Information Technology (HW, SW, Maint, Repair, Leasing, Rental, Services,
Training, EC, Telecomm, etc)
Logistics Management (LOGWORLD)
Management and Organizational Business Improvement Services (MOBIS)
Professional Engineering Service
Law Enforcement/Fire Fighting.
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Ordering activities to fill “repetitive ” requirements. BPA
provisions are contained in all Federal Supply Schedule contracts
- do your homework.
Does not obligate funds nor commit the agency.
Effectively avoids/limits traditional competition requirements.
Make BPA period the end of your five-year schedule.
Saves agency, time, money and requirement to solicit three bids.
Can discount by product class, SIN, or manufacturer.
Permitted when using Federal Supply Schedules.
All participants of the Team Arrangement must have a
Schedule contractors may incorporate the Team
Arrangement into a BPA.
Ordering activities should follow FAR 9.6 & FAR 8.4
and make a Best Value selection.
Benefit to the Agency: convenience & integration
Each GSA contractor reports own GSA revenues.
Parties determine who will be the “Prime”-won’t get
rich as a Prime – perhaps 1-2 pts from sub-GSA
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A landmark piece of legislation passed last December, the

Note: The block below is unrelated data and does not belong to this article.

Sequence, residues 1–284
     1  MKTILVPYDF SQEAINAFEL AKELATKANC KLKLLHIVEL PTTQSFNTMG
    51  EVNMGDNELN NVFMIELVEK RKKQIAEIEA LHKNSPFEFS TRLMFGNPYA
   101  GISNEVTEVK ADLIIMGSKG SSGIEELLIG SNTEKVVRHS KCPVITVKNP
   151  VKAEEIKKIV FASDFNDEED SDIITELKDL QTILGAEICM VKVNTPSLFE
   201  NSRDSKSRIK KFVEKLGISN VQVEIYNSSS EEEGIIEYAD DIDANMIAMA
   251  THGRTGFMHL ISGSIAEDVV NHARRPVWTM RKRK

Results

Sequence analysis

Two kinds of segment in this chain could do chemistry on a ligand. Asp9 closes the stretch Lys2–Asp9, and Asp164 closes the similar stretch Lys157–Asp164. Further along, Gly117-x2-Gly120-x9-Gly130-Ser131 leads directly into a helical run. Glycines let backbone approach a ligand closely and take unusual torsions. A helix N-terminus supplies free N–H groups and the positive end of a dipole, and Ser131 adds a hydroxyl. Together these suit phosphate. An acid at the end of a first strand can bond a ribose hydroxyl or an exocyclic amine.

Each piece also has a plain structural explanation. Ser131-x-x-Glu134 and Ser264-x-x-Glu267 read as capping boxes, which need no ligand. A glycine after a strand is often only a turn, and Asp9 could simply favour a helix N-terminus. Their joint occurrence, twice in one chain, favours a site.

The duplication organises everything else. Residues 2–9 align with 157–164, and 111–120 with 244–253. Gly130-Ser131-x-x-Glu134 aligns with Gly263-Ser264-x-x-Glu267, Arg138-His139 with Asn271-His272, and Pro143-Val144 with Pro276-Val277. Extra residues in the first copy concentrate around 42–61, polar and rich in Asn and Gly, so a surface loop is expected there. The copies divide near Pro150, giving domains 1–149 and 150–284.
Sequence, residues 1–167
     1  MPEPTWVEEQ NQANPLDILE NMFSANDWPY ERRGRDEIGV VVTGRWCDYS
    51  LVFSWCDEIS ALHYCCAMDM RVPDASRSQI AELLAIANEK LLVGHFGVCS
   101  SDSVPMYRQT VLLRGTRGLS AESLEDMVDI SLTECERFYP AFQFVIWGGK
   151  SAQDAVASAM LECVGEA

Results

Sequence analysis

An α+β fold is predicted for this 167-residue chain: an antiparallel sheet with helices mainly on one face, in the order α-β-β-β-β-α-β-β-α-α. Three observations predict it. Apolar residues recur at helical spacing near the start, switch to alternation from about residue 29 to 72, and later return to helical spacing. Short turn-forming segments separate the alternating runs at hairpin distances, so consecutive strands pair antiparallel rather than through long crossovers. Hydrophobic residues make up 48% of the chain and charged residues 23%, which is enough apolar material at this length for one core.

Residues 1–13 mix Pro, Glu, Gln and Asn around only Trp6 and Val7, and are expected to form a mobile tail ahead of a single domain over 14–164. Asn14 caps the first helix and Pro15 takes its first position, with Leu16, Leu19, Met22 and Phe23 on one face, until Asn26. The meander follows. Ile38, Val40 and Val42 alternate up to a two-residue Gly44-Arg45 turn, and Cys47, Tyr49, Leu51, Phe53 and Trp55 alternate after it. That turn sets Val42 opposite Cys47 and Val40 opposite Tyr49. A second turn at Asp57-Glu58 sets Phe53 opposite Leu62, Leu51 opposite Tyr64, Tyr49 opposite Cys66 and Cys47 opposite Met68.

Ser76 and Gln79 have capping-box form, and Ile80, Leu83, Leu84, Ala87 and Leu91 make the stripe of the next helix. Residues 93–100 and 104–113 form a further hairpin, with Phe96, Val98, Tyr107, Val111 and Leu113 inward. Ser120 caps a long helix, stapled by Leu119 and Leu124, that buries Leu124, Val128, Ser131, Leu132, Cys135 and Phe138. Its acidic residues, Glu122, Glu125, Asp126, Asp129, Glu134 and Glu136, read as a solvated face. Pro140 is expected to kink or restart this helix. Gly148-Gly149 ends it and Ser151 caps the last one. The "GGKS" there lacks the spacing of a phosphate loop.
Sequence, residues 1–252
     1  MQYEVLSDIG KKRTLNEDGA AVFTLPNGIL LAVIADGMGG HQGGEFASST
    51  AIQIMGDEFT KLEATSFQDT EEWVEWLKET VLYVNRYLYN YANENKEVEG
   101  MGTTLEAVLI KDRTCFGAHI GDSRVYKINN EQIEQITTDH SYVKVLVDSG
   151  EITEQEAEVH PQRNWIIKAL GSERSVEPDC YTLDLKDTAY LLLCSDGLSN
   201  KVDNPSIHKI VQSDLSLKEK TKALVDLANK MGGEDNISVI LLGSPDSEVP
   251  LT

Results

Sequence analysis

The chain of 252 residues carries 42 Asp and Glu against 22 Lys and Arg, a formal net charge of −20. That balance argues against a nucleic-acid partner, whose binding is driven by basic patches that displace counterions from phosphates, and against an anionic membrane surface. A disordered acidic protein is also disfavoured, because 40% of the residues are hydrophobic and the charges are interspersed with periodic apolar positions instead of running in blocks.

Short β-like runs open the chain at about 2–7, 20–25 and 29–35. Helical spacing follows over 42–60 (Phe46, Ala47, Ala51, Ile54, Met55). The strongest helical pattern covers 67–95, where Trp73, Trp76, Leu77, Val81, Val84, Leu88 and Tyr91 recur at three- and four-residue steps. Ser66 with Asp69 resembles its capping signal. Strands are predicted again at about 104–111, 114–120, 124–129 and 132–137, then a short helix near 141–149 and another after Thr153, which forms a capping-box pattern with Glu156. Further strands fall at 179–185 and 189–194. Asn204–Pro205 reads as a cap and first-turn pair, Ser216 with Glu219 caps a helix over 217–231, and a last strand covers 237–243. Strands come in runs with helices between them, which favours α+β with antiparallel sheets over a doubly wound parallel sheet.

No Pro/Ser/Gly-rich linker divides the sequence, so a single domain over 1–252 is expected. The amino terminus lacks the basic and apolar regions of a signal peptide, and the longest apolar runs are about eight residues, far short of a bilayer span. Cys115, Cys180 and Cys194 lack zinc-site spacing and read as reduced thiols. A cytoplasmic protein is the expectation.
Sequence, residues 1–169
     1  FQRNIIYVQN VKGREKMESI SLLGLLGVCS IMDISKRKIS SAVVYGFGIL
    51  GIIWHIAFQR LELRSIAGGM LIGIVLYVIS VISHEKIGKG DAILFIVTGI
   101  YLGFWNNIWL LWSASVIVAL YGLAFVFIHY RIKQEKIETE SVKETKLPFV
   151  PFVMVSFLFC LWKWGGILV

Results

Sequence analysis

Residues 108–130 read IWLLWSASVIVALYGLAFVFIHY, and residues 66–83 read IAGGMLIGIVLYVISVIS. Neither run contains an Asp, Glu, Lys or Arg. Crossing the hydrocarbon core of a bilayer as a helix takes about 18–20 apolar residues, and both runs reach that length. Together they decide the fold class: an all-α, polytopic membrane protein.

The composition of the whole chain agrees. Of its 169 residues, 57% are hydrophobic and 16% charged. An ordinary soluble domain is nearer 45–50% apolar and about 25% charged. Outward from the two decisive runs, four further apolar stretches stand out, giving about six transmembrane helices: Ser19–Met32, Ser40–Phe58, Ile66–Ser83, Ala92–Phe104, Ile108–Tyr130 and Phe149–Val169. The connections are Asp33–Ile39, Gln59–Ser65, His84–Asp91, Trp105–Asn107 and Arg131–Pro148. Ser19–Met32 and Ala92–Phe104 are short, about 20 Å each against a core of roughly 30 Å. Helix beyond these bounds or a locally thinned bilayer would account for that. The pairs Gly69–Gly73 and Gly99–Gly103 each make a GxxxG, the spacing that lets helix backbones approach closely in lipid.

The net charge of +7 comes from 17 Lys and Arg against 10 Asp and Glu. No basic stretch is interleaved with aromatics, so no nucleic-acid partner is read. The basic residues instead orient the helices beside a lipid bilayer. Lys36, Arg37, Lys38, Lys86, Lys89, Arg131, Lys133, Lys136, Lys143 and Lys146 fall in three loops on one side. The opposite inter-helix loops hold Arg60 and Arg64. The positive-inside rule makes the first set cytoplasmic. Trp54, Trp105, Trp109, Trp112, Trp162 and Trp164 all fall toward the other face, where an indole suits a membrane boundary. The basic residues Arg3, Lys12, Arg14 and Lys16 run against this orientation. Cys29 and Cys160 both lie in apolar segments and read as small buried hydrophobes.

E-Government Act of 2002, opens a new and significant channel for
selling to states and localities. Section 211 of the Act authorizes the
General Services Administration (GSA) to provide use of its Federal
Supply Schedule for information technology or Schedule 70 to state and
Eligible users would include all 50 states, 3,139 counties,19,365
incorporated municipalities, 30,386 minor subdivisions, 3,200
public housing authorities, 14,178 school districts, 1,625 public
educational institutions of higher learning and 550 Indian Tribal
The updated proposed rules that would govern this new arrangement
were posted to the Federal Register for comments, which are due on or
before July 7th, 2003.
Get on a contract vehicle(s) - keep it/them current.
Determine what makes you unique “Best Value”
Seek Blanket Purchase Agreements.
Seek Teaming Agreements (for products/services you do not offer).
Seed your competition – know your competition.
Know agency budget, mission, use of your services,
Sell “Solutions” not products.
Spend monies on advertising (email marketing, direct
mail, trade shows, publications).
Know the rules and regulations (Federal Acquisition
Stay contractually compliant.
Have lots of patience - need staying power.
Call us @ 703-326-0640 or
E-mail us @ email@example.com